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Help with firmware bootloader on UAVCAN

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jmachuca77
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Help with firmware bootloader on UAVCAN

Hi, I am trying to extend the UAVCAN drivers to be able to update the firmware through UAVCAN. However I do not uderstand how the bootloader process works. I see in the file commands.c several functions that I think are relevant but I dont know the order in which they are called, for example:

COMM_ERASE_BOOTLOADER_ALL_CAN

COMM_JUMP_TO_BOOTLOADER_ALL_CAN (I suppose after the application has been recived this is called)

COMM_ERASE_NEW_APP_ALL_CAN (probably called before the hosts sends the application?)

COMM_WRITE_NEW_APP_DATA_ALL_CAN (used to send the app data to the other CAN node ESC??)

COMM_ERASE_BOOTLOADER_ALL_CAN (erase the bootloader on the other CAN ESC?)

If someone could quickly explain how the flashing process works that would be a great help towards supporting flashing via UAVCAN. Thanks.

 

 

benjamin
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The flash memory is structured as follows:

== Vector Table ==

== Parameter Backup ==

== Main Program ==

== Reserved space ==

== Bootloader ==

 

The flashing process with the bootloader is mostly handled from the main program, and it looks as follows:

1. Erase the reserved space

2. Upload a new main program to the reserved space chunk by chunk

 - The first 4 bytes must be set to the size of the new main program

 - The next 2 bytes are a CRC-checksum of the new main program

3. Call the bootloader

The bootloader will then calculate the crc of the new program, compare it to the checksum that has been written and if they match it will replace the main program with the new one. This way nothing gets bricked even if the upload is aborted in the middle, but about half of the flash memory is reserved to have another copy of the main program.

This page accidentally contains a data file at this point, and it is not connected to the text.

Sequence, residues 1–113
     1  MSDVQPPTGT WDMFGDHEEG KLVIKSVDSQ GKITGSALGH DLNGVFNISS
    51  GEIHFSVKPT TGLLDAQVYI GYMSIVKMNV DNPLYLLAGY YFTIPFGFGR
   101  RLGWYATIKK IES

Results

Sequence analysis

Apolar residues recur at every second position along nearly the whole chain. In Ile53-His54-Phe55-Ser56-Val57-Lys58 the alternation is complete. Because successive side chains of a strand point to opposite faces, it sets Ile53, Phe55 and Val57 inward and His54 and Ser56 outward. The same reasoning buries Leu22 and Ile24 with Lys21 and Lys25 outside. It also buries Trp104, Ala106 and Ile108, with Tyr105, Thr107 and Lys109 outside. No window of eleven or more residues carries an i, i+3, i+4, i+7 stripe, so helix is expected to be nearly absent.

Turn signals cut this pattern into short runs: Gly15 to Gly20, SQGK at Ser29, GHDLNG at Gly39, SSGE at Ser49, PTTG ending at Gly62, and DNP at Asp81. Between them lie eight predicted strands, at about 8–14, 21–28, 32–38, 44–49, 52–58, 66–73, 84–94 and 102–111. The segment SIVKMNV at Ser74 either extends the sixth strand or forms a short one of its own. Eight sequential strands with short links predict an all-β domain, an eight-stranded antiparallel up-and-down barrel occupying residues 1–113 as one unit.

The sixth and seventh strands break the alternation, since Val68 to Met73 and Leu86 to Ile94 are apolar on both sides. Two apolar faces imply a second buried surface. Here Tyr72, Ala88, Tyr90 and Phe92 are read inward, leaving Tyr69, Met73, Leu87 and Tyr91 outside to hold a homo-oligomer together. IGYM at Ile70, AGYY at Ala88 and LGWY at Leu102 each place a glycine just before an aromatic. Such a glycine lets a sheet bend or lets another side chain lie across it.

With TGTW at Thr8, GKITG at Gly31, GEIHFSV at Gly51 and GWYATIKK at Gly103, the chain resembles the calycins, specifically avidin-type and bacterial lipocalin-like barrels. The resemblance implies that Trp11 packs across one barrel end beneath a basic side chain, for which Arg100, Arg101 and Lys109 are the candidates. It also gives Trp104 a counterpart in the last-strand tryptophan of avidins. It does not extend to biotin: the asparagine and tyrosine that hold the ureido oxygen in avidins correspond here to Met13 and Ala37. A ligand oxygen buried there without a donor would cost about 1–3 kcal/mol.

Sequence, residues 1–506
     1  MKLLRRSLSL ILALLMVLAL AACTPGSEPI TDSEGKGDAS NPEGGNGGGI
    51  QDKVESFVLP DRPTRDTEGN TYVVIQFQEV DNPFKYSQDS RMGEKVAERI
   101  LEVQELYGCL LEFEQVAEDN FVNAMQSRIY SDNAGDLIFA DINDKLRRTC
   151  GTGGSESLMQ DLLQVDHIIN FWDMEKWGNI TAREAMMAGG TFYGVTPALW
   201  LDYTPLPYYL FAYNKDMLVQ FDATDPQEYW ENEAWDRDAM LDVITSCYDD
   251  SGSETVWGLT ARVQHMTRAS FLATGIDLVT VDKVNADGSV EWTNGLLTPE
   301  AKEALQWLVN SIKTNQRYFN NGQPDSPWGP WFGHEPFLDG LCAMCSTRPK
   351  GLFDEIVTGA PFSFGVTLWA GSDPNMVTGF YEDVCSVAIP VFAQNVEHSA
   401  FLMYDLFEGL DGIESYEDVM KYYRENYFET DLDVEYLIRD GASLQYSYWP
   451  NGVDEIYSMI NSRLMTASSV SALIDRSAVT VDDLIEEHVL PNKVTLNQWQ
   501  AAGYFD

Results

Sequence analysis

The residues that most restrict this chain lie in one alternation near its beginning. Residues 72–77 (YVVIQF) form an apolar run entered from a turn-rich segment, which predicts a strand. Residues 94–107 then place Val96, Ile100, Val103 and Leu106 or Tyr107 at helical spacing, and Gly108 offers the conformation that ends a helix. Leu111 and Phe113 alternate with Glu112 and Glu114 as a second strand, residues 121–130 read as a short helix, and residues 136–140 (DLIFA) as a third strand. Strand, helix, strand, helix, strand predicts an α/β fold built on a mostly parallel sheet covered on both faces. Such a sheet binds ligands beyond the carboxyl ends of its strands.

The main program can also erase and write the bootloader itself in case it is missing or a new version is available. There are also other things that you don't need to support that can probably make it look more confusing, such as simultaneuous firmware uploads over CAN and LZO-compression to make the upload faster. The basic functionality is quite easy to implement. This is how the firmware upload is done from VESC Tool:

https://github.com/vedderb/vesc_tool/blob/master/vescinterface.cpp#L1200

Since you make a new implementation, it is probably best to just use the flash_helper:

https://github.com/vedderb/bldc/blob/master/flash_helper.h

The steps above can be done with just these three functions:

uint16_t flash_helper_erase_new_app(uint32_t new_app_size);
uint16_t flash_helper_write_new_app_data(uint32_t offset, uint8_t *data, uint32_t len);
void flash_helper_jump_to_bootloader(void);

The new_app_size can be set to 393216 to erase the entire reserved space (although that will be slightly slower than just erasing what you need) and the offset starts at 0 to write to the start of the reserved space.

jmachuca77
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Awesome, thanks for the explanation, I have a semi working version on my branch now. I can get the file data from the host through UAVCAN, but I am still not writing it to the flash. I have a couple of questions... seems that